The world of Hari Ragat is a primeval realm, with Man perennially caught between the mysteries and perils of the brooding jungles on one hand and the fickle sea on the other. Among the interesting and frightful haunters of the jungle, legend frequently mentions these:
Ancient Pythons and Crocodiles
While there are no lions, tigers or bears in the rain forests of the Jangalan Isles, there are some very large and mean land predators here. Python and crocodile ‘ancients’ have lived for centuries, growing continuously, until they have reached prodigious sizes, up to 50 feet long or more. Ancient crocodiles present an additional problem to the hero – an armored hide so strong the creature is invulnerable save in the eyes and mouth.
Raksasas are a race of demonic, shape-shifting giants who have inhabited the isles even before the coming of man. They enjoy human flesh and torturing nubile captives, and will often lay traps for hunters and travelers. Each raksasa has a unique appearance and set of magical powers, in addition to giant size and strength.
Enormous serpents haunt the jungles at night, disappearing without a trace before sunrise. These are not pythons – 30 to 40 foot long pythons are common predators in the Jangalan Isles – but creatures that dwarf even the raksasas.
Tales tell of great swathes of forest flattened into trails by their passage, and entire villages obliterated, all their inhabitants devoured. It is believed that night serpents have either mesmeric eyes or a breath that causes paralysis and sleep, thus enabling them to catch multiple prey at once.
It is believed that night serpents magically sink into the earth, or into the bottoms of rivers and lakes, before sunrise, and that the rays of the sun will turn them into stone should they ever be exposed. Inspired by stories a former maid of ours would tell me from Palawan, of snakes so huge they left tracks of fallen trees.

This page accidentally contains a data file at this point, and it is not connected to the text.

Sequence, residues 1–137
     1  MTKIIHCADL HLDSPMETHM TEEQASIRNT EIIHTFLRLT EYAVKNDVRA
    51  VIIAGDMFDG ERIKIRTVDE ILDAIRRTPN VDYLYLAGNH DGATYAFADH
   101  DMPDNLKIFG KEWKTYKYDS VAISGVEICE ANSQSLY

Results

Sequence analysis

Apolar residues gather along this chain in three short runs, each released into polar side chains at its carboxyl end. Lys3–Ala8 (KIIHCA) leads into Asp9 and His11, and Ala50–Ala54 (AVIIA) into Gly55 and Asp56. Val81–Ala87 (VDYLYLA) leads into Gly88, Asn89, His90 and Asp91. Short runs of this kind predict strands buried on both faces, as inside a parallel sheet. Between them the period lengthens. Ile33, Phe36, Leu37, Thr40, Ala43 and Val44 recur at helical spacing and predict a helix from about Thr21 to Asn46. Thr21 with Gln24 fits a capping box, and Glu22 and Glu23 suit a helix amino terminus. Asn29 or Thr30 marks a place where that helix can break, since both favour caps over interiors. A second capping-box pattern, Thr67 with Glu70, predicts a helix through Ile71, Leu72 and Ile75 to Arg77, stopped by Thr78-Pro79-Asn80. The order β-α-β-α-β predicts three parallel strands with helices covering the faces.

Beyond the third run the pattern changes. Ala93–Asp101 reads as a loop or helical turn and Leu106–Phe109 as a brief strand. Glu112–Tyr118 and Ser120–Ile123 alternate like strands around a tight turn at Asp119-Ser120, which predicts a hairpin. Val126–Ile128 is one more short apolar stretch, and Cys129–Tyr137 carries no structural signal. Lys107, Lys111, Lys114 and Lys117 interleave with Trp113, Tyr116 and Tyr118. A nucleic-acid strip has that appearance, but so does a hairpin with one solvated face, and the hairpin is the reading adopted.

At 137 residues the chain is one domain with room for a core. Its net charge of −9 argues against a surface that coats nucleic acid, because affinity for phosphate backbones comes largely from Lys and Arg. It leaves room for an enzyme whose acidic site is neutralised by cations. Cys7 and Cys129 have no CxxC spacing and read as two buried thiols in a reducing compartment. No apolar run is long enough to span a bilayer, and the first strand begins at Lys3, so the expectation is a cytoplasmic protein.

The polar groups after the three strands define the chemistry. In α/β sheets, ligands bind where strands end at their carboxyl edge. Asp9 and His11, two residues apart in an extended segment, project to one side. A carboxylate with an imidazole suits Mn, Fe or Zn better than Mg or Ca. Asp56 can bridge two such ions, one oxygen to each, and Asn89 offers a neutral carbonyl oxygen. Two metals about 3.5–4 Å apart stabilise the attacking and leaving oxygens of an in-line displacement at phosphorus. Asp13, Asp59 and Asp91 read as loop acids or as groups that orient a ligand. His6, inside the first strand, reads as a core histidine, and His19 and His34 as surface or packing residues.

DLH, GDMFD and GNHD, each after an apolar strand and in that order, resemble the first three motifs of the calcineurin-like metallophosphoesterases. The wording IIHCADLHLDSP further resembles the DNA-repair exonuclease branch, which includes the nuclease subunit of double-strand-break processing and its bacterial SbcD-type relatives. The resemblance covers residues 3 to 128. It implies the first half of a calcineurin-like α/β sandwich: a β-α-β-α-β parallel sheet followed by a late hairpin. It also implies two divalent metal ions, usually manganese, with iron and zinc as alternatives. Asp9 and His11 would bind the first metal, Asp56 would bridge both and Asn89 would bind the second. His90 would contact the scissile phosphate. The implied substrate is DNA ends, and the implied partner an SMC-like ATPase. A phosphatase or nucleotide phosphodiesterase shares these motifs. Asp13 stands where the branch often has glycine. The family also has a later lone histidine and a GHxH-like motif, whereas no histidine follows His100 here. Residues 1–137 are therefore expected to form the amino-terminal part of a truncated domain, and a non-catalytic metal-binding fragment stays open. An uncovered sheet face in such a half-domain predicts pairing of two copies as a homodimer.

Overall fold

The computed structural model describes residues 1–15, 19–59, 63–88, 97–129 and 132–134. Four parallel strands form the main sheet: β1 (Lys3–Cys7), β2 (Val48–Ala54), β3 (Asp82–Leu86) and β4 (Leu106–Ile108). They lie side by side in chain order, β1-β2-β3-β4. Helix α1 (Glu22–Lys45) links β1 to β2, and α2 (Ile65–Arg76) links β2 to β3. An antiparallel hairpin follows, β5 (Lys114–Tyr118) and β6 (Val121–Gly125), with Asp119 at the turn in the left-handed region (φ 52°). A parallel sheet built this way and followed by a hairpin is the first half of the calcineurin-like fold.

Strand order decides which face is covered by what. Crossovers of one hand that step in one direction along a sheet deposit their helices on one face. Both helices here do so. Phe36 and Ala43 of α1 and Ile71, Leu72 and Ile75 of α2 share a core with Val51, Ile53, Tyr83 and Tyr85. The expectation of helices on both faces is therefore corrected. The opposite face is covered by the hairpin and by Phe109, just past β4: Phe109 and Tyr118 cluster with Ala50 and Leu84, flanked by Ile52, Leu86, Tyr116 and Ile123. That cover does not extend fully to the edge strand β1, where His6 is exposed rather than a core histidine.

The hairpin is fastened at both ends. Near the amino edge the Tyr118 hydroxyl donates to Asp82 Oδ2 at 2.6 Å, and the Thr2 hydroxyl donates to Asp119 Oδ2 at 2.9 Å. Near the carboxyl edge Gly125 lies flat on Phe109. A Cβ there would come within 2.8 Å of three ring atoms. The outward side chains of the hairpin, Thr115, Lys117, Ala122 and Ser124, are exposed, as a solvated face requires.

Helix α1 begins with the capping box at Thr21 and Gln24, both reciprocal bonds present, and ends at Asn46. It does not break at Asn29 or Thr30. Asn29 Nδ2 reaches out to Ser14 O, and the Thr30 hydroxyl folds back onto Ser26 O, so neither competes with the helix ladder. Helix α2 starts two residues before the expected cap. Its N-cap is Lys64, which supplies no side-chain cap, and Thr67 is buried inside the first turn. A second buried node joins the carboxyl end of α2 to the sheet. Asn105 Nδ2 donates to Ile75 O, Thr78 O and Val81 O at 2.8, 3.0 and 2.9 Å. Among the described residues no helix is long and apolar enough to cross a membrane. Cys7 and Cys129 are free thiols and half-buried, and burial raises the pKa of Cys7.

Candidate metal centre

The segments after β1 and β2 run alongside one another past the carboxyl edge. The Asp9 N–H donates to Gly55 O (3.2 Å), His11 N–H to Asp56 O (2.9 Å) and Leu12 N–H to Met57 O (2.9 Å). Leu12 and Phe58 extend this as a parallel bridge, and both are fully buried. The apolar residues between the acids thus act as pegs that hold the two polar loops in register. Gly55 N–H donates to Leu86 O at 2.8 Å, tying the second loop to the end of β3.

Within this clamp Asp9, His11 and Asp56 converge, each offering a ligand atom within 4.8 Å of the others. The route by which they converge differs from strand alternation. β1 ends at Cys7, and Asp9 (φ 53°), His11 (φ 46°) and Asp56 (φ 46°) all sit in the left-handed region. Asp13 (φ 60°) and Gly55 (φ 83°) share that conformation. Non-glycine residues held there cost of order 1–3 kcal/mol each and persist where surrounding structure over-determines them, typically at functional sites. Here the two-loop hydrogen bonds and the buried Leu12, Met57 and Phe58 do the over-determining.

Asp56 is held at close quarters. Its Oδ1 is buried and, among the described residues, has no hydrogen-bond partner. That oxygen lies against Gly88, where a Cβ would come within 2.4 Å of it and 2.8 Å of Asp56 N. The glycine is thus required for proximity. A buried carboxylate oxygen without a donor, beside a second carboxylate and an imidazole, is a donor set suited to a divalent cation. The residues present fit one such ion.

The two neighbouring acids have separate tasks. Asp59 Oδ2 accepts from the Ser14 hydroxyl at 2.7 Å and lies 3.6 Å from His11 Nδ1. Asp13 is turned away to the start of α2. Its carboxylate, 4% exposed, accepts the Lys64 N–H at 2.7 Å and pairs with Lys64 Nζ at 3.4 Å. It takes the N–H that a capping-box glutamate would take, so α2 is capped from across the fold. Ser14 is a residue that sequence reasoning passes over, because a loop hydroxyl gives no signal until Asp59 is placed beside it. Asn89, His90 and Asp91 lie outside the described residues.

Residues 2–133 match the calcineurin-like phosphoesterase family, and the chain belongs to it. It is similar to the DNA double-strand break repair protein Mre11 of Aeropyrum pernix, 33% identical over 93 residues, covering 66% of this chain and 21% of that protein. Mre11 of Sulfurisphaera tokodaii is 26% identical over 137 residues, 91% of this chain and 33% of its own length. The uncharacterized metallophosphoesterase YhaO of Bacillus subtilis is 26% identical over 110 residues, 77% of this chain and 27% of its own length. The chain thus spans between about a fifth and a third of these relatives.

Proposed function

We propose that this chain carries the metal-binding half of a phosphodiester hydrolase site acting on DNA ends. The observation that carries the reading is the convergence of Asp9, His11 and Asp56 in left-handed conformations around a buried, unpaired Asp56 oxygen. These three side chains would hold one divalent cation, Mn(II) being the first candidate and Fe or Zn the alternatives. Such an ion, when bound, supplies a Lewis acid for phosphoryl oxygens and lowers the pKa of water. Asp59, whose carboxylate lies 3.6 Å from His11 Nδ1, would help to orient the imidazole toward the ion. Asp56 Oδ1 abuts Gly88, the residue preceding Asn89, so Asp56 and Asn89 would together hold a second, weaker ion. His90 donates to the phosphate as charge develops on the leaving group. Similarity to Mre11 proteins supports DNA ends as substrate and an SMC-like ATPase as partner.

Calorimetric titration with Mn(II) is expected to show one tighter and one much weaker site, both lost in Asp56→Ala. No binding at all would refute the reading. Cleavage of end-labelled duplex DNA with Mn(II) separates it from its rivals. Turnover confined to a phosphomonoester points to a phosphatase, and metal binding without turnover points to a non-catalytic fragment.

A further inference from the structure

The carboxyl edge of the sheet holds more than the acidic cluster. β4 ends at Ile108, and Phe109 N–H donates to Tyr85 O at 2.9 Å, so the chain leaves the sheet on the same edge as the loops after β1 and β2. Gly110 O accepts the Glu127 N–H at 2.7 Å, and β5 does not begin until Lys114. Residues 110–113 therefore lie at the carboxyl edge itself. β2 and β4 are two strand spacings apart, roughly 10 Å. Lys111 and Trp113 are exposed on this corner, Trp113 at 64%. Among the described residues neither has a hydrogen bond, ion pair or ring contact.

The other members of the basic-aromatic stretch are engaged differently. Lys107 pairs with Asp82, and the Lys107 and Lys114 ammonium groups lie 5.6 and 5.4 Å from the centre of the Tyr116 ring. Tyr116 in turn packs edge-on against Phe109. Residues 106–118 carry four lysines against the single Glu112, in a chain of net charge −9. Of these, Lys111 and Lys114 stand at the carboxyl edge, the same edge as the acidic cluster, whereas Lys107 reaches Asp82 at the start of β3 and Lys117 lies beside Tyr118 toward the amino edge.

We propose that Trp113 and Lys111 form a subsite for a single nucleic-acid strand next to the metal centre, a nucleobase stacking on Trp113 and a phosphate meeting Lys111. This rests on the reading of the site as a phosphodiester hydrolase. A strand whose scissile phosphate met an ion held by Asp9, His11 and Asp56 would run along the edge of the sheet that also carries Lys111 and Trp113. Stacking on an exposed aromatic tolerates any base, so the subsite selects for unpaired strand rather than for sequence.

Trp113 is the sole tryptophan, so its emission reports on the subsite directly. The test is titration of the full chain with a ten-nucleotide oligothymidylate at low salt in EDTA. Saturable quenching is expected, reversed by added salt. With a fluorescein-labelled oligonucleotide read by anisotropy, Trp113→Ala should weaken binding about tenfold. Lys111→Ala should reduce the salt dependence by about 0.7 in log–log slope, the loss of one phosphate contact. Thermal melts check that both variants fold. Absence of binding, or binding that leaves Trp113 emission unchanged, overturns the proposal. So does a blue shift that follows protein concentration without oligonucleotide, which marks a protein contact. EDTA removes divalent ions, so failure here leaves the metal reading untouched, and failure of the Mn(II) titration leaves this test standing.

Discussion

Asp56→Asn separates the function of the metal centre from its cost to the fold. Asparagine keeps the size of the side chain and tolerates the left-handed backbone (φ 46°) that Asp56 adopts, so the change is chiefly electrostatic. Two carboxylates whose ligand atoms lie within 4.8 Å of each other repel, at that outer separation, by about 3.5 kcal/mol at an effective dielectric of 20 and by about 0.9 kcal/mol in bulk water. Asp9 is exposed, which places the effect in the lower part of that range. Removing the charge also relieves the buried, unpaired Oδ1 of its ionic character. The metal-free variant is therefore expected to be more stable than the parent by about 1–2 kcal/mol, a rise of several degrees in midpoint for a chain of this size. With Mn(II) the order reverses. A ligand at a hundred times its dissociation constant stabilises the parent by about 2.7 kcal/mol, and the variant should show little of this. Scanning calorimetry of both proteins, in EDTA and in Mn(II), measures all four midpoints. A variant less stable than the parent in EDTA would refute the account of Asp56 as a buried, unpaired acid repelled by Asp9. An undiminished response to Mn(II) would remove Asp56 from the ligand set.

Trees possessed by evil spirits may become hungry trees. An aura of evil magic permeates the area around these trees for several hundred yards, such that at night any person who strays near them becomes hopelessly lost, and wanders in circles until inevitably drawn to the hungry tree. Once within reach, roots and branches animate to entangle the victim. Victims are found either hanging dead in the branches or half-buried under the roots, their souls drained away.
Wild boars that have fed on fruits from a diwata’s home grove will eventually grow to gigantic size. While most such will also become demonically fierce to match their awful size and strength, some will gain near-human intelligence – to wreak good or ill.
White deer are the pets of the diwatas, or sometimes may be the diwatas themselves sporting in animal guise. The antlers and hides of white deer have magical healing properties, but slaying them is a serious offense against the diwatas.
A bat-like creature with a wingspan of about 10 feet, the ahool is a nocturnal hunter powerful enough to carry off small children; it can bite and claw an adult to death, but as it prefers to carry its prey to the treetops to feed, it will only attack an adult human if it has no choice. Its distinctive cry causes terror, and may be used to flush out prey or cause mothers to panic and let go of their children.
Orang Batutut, Amomongo, Orang Muwa
Small, hairy humanoids who raid crops at night, steal food or livestock, and sometimes abduct children to devour their flesh.
This large lizard grows up to 7 feet long and lives in the trees. Normally a peaceful eater of fruit, snails and birds’ eggs, the tree ghoul craves meat during the breeding season. It will then seek out carrion, raiding village graveyards, and may even attack children, sick persons or the elderly in their homes.
As it is a good climber, it is not deterred at all by the Vijadesan defense against wildlife of building houses on stilts. (This is a ‘monsterized’ version of the bitatawa, a tree monitor recently recognized as a new species).